Moody's Investors Service said it has downgraded to A1 from Aa3 Metropolitan Washington Airport Authority's $5 billion of airport revenue bonds.
Moody's also assigned the A1 rating to MWAA's expected $204.7 million Series 2013A, $27.3 million Series 2013B, and $10.7 million Series C airport system revenue and revenue refunding bonds. The rating outlook is revised to stable.
The downgrade is based on MWAA's financial metrics which have remained narrower than historical levels and more commensurate with the A1 rating category. The A1 rating is based on MWAA's strong underlying fundamentals; strong market position; well-managed operations and the relative economic stability of the metropolitan Washington area. MWAA operates and maintains both National and Dulles airports.
The stable outlook and rating are based on the ability of the local economy to generate stable enplanement levels and the expectation of significantly higher cost per enplanement (CPE) and lower debt service coverage ratios (DSCRs) over the next five years.
MWAA projects that its CPE will remain over $27 at Washington Dulles International Airport (Dulles) and remain over $12 at Ronald Reagan Washington National Airport (National) beginning in FY2013.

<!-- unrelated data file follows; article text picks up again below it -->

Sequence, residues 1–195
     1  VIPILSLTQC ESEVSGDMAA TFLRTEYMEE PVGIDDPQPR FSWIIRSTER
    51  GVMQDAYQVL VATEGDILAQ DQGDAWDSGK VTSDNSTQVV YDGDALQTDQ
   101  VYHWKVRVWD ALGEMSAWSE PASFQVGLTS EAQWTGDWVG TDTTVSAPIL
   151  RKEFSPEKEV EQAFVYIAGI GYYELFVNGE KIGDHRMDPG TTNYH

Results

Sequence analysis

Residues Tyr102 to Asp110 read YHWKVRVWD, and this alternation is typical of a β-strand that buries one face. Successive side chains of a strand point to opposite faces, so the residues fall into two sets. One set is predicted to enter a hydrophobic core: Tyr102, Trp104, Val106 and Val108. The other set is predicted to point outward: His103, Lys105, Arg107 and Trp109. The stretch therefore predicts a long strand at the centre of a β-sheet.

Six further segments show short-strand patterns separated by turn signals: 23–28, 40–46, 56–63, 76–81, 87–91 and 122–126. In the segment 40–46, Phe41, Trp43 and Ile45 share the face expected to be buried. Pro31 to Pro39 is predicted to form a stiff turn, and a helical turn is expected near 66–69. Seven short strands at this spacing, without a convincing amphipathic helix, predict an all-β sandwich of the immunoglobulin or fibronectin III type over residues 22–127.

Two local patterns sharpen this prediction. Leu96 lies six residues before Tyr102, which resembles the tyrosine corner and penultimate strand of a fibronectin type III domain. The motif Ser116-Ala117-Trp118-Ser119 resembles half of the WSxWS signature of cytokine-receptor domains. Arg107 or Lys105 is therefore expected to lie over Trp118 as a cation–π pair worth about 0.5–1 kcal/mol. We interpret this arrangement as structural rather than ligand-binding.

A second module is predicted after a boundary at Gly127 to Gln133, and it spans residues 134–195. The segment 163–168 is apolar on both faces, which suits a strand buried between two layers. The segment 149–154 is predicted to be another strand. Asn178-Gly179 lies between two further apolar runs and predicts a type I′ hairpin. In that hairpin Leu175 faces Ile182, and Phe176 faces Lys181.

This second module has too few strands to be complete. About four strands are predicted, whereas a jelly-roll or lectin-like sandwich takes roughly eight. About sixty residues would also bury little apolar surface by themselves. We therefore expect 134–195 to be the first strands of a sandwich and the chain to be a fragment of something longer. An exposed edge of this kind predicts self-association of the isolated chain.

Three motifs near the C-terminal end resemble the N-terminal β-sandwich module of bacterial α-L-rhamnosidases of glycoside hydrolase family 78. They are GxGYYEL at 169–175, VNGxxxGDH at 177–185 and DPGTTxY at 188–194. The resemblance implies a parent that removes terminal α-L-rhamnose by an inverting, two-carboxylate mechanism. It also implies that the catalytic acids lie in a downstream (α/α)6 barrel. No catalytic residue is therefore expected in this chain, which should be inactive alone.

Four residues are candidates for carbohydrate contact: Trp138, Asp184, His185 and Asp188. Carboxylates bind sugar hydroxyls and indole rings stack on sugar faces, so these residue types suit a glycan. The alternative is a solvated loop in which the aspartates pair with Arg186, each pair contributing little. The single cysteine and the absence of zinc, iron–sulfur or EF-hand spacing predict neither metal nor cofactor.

At the same time the DSCR is forecast to generally remain below 1.35 times through FY 2018, a marked decline from 1.49 times in FY 2009.
Moody's believes MWAA is likely to outperform these projections; however, it expects MWAA's metrics will likely remain inconsistent with the Aa3 rating level during the forecast period.
The extent to which changes in spending by the federal government impacts the vitality of the metropolitan Washington economy, and how that affects enplanement growth rates have been a key determinant in the rating in the near term.
Enplanement growth was flat in FY 2012 and is up 1.3% in FY2013 indicating stability in demand, but growth has not been strong enough to return financial metrics to Aa3 levels. Further, Moody's expects airline industry contraction and changes in federal spending levels, which have only recently begun to take effect, will continue to limit growth as debt service requirements increase.